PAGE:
P018: CHRONIC PELVIC PAIN SYNDROME: A CASE REPORT ON A PATIENT SEEN OVER TELEMEDICINE WITH LIFE-THREATENING PATHOLOGY
Jacob Topfer, DO; Melanio Bruceta, MD; Danielle Horn, MD; University of Miami, Department of Anesthesiology, Perioperative Medicine and Pain Management
Introduction: Chronic pelvic pain syndrome can be a difficult pathologic process to identify and treat given the diverse range of symptoms and systemic comorbidities that are often present (4). We are presenting a case of chronic pelvic pain syndrome in a patient seen over a virtual consultation with life-threatening associated symptoms.
Case Report: The patient is a 44 year old male with a PMH significant for low back pain, COVID-19, and prostatitis who presents complaining of bilateral leg, groin, and deep pelvic pain. The pelvic pain occurred after an injury sustained during intercourse. His pelvic pain was described as a burning and sharp and had been present for 3 months prior to his initial visit. He was seen at an outside hospital and was diagnosed with prostatitis. Subsequently, he was treated with antibiotics and prednisone, which helped his symptoms. While on his initial visit to our clinic, he described having severe bilateral leg pain, but could not ascertain whether this pain was similar to his radicular back pain. This pain was noted to be worse in the calf region with associated redness, swelling, and engorged veins. He also endorsed numbness in his feet. The interaction was done virtually, so it was difficult to do a proper physical exam. Ultimately, the patient was given gabapentin 600mg TID, Cymbalta 60mg daily and pelvic floor therapy. He was also instructed to go to the emergency room for ultrasound evaluation of his lower extremities. This was done shortly thereafter, and was found to have multiple DVTs in the left lower extremity with an associated pulmonary embolism. He was started on anticoagulation and will be following up to determine if any autoimmune or hypercoagulable disorder played a roll in this presentation. It was discussed with the patient that there are interventional pain procedures that could be indicated for the treatment of his intractable pelvic pain, however it is important to address the underlying health issues prior to any interventional procedure.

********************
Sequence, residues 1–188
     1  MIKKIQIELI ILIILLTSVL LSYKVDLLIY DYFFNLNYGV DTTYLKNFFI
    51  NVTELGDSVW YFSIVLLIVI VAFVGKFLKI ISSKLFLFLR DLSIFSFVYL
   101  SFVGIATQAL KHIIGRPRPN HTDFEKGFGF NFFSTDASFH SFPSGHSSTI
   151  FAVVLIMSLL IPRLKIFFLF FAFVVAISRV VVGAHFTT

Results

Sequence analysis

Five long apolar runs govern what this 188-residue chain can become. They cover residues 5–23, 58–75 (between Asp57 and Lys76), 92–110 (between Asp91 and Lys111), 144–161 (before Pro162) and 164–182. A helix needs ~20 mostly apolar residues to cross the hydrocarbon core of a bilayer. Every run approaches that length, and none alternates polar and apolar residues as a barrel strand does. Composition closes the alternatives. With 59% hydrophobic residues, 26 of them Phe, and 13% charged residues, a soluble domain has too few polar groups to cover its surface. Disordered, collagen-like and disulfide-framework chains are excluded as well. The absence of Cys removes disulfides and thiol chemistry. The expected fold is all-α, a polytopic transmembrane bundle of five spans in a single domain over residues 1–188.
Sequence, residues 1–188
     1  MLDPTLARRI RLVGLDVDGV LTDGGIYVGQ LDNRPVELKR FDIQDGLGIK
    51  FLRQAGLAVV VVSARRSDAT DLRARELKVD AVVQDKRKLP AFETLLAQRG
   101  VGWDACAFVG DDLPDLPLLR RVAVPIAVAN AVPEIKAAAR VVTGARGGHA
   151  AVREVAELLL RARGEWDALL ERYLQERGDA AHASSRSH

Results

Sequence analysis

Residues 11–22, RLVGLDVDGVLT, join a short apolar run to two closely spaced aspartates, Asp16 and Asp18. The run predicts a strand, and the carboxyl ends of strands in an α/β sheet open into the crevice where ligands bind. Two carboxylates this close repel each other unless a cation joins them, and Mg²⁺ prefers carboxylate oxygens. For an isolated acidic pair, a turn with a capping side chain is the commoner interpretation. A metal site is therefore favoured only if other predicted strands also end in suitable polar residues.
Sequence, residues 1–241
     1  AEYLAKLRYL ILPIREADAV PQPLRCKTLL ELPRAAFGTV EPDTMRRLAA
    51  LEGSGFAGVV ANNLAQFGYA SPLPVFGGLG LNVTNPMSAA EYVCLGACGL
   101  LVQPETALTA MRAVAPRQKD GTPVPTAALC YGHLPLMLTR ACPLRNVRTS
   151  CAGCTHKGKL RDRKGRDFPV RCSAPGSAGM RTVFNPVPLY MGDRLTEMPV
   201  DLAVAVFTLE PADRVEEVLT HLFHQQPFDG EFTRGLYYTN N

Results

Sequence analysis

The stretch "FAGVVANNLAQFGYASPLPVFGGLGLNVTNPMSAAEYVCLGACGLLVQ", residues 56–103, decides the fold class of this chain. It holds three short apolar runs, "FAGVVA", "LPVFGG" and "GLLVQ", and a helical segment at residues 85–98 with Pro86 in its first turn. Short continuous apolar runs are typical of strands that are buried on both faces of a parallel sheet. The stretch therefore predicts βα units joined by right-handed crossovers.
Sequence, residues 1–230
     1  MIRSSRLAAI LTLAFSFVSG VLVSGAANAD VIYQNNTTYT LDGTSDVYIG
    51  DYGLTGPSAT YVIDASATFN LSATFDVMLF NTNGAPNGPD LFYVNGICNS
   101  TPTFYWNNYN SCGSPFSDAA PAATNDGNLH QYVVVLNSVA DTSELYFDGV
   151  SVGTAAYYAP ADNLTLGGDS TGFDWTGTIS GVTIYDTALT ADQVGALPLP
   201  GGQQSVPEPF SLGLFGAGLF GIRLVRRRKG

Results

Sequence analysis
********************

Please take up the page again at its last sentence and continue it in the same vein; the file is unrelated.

Discussion: Chronic pelvic pain is characterized by noncyclical pain in the pelvis for greater than 3 months while interfering with daily function (4). The best treatment option includes a wide range of modalities such as anti-inflammatories, antibiotics, neuropathic drugs, pelvic floor physical therapy, as well as interventional procedures (4). It is our duty as health care providers to obtain a comprehensive HPI and be vigilant for new symptoms that can help us determine if any disease process has changed (2). On initial evaluation, our patient reported lumbosacral radiculopathy and chronic pelvic pain. However, the new “clue” was bilateral calf pain, leading to the diagnoses of lower extremity DVT and PE. Venous thrombosis is uncommon in patients less than 45 years old, with an annual incidence of about 1 per 1000 adults (1). Chronic low back pain has an incidence up to 40%, even when associated with radicular symptoms (2). This provides evidence that it may be easy to overlook rare diagnoses solely based on a diverse range of presenting symptoms of a chronic condition.